• For I have given them the words that you gave me, and they have received them and have come to know in truth that I came from You; and they have believed that You sent me (17:8).

Yet, the power of the Word-of-the-Father concerns the Holy Spirit, who, “...convinces the world concerning sin and righteousness and judgment” (John 16:8). The preacher has no power, only an authority to herald the Gospel of Christ as divine self-attestation.

The preacher has no power, only an authority to herald the Gospel of Christ as divine self-attestation.

This realty may be too readily dismissed by a conflation of the office of the preacher with the actual event of preaching. The office consists of a set of divinely instituted parameters, conditions, and responsibilities for a man to be a preacher. The call to preach and the content of preaching condition the office as such. It has an integrity of its own impervious to the failings of the preacher. But when the preacher heralds God’s Gospel in truth, that is, when he actually preaches the Gospel of Christ crucified, resurrected, ascended and sacramented (and not merely talks about Christ), then we have confidence by divine promise that it is the theatre of salvation (theatrum salutis), the medium and forum through which the Holy Spirit illumines Christ and manifests Christ in the Word and as the Word. Or, put differently, God testifies about Himself (John 5:31-47; 8:18).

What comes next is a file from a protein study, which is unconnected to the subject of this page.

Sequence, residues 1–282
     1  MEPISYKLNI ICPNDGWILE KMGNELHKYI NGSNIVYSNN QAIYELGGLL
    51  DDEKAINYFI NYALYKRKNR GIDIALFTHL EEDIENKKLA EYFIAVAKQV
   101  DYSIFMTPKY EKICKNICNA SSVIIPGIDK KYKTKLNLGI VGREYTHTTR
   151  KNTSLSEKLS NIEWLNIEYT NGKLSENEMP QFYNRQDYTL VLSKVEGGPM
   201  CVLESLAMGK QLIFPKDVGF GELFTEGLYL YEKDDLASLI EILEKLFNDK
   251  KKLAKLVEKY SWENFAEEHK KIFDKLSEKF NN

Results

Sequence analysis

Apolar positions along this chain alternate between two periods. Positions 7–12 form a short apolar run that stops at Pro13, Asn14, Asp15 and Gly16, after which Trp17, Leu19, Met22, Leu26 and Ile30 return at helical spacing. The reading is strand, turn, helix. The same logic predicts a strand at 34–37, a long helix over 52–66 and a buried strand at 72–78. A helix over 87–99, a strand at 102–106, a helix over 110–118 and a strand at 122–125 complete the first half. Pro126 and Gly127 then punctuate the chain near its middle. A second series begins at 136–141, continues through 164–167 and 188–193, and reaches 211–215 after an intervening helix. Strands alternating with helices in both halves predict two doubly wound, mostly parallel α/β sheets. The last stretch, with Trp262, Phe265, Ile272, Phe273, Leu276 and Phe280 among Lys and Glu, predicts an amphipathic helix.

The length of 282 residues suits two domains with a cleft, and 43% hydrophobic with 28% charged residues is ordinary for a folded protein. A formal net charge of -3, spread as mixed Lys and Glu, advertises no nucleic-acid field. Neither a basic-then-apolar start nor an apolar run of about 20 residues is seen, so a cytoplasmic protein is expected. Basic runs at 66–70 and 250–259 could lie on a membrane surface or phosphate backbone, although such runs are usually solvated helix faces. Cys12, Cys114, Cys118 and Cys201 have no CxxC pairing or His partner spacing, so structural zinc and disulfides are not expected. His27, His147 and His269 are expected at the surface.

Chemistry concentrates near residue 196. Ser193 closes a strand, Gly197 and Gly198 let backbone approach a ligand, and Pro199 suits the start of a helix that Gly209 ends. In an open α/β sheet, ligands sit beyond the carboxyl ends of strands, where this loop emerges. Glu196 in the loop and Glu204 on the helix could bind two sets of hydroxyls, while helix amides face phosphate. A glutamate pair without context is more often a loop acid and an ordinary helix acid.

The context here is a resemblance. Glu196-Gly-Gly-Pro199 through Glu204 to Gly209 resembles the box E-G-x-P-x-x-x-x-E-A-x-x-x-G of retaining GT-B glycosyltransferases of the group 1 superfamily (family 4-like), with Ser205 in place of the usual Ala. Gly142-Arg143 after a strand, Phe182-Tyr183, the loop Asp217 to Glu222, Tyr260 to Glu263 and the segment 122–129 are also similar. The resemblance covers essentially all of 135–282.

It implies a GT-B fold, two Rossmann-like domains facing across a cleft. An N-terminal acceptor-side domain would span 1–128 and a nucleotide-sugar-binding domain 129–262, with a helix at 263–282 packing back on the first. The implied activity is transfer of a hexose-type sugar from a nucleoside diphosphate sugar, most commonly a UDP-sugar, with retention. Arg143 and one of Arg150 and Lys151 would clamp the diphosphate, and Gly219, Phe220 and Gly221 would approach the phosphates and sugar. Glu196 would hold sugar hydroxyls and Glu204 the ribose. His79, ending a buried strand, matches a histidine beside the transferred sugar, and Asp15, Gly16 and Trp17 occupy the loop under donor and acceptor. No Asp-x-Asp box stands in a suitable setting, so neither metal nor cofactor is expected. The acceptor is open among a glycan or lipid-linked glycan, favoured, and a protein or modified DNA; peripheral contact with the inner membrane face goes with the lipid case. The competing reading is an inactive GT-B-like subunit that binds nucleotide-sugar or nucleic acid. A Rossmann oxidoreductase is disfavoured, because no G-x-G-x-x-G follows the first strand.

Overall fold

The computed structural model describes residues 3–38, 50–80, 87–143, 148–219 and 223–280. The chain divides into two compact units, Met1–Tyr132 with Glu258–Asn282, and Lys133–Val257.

Nothing could be more serious than a recognition of the “pure preaching of the Gospel” as divine self-attestation. For the preacher aspiring to faithful proclamation, this one consideration should arrest excesses in isagogical contextualization, self-referential narratives, storytelling, allegories, and moralizing, to say nothing about a dependence on electronic visual aids. Moreover, God testifying to Himself is far more interesting and, truly, only His Word is the Word of life.

Which brings us to our final point, namely the obvious one that not all preaching is preaching and, so, not all preaching is the Word of God. Only the Word of God is such. Therefore, preachers do well to remain obedient to their commissioning to herald the Gospel from Christ and the Gospel of Christ, infallibly preserved in Holy Scripture. He has given us His Word to proclaim as the very safeguard to ensure His Word is proclaimed. A faithful preacher, then, is careful in speaking his own words during the proclamation and submissive to God’s Word as the proclamation. In this way, auditors will hear what God has to say about Himself in Christ reconciling the world to Himself.